The Royal Academy of the Spanish Language provides the following definition of epidemic (translated): "disease that propagates for some time in a country and that simultaneously attacks a large number of persons." Thus, this definition of The Royal Academy of the Spanish Language gives a concept of epidemic having a clear implication of limits in time and space, which are lacking for atrial fibrillation. The sole facet of this arrhythmia that would equate it to an epidemic is the fact that it "simultaneously attacks a large number of persons."

Faced with these epidemiologic data, which prove alarming in their proportions and repercussions on health care and expense, it is of course necessary to be aware of the need to continue investigating the etiology and pathophysiology of atrial fibrillation in order to be able to develop new preventive and therapeutic measures.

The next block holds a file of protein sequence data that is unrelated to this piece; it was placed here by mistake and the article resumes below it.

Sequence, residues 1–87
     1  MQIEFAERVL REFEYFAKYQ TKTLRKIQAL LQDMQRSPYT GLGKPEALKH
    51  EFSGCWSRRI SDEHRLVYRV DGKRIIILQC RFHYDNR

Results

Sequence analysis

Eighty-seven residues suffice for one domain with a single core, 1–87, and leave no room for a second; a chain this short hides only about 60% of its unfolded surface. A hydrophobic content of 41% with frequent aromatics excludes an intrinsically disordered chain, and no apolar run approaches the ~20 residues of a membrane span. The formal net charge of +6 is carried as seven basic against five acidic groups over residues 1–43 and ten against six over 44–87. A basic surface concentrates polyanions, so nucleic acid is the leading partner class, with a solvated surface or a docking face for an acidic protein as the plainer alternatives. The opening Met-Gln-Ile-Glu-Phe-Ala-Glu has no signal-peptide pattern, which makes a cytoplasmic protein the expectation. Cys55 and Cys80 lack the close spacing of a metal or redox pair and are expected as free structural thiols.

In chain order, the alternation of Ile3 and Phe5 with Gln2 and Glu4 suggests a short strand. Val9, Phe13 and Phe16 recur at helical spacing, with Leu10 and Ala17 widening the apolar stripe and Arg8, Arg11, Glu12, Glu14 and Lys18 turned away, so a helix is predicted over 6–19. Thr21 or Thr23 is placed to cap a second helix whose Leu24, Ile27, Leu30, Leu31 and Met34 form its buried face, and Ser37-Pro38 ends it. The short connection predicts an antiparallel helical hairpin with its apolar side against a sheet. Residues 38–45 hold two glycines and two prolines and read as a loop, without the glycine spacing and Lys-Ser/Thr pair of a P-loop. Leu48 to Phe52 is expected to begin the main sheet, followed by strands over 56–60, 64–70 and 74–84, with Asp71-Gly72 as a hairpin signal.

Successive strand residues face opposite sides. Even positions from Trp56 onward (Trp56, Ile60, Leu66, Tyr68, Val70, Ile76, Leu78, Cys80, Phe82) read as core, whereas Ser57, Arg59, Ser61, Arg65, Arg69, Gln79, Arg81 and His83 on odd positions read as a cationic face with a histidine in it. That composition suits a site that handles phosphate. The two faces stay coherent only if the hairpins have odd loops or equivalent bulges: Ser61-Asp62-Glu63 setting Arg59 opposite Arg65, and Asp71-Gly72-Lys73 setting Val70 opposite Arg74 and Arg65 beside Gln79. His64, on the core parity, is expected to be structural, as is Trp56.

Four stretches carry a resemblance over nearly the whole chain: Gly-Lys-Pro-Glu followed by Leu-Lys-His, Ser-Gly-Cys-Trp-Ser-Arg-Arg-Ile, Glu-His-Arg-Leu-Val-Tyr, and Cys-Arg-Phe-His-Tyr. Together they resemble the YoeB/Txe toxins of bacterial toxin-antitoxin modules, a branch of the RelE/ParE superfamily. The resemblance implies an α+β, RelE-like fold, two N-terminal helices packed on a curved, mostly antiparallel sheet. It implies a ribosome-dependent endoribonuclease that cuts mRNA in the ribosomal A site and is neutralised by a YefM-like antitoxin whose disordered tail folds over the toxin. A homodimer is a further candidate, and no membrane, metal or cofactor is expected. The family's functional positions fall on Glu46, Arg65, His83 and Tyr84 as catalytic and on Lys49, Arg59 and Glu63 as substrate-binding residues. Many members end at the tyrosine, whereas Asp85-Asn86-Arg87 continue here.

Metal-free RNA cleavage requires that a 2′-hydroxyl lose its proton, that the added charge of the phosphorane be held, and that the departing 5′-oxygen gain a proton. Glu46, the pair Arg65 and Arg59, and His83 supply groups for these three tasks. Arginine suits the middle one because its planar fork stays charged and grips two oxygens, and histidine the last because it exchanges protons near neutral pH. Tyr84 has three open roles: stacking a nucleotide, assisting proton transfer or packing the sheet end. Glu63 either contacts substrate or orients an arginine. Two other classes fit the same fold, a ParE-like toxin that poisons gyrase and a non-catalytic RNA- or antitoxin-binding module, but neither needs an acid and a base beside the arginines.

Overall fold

Correspondence: Dra. C. Moro.

Unidad de Arritmias. Hospital Ramón y Cajal.

Ctra. de Colmenar, s/n. 28034 Madrid. España.

Braunwald E..
Shattuck lecture — Cardiovascular medicine at the turn of the millennium: triumphs, concerns, and opportunities..
N Engl J Med, 337 (1997), pp. 1360-9
Lip GY..
Atrial fibrillation —the growing epidemic..
Furberg CD, Psaty BM, Manolio TA, Gardin JM, Smith VE, Rautaharju PM..
Prevalence of atrial fibrillation in elderly subjects (the cardiovascular health study)..
Am J Cardiol, 74 (1994), pp. 236-41
Wolf PA, Abbott RD, Savage DD, McNamara PM..
Epidemiologic features of chronic atrial fibrillation. The Framingham study..
N Engl J Med, 306 (1982), pp. 1018-22
Go AS, Hylek EM, Phillips KA, Chang YC, Henault LE, Selby JV, et al..
Prevalence of diagnosed atrial fibrillation in adults. National implications for rhythm management and stroke prevention. The anticoagulation and risk factors in atrial fibrillation (ATRIA) study..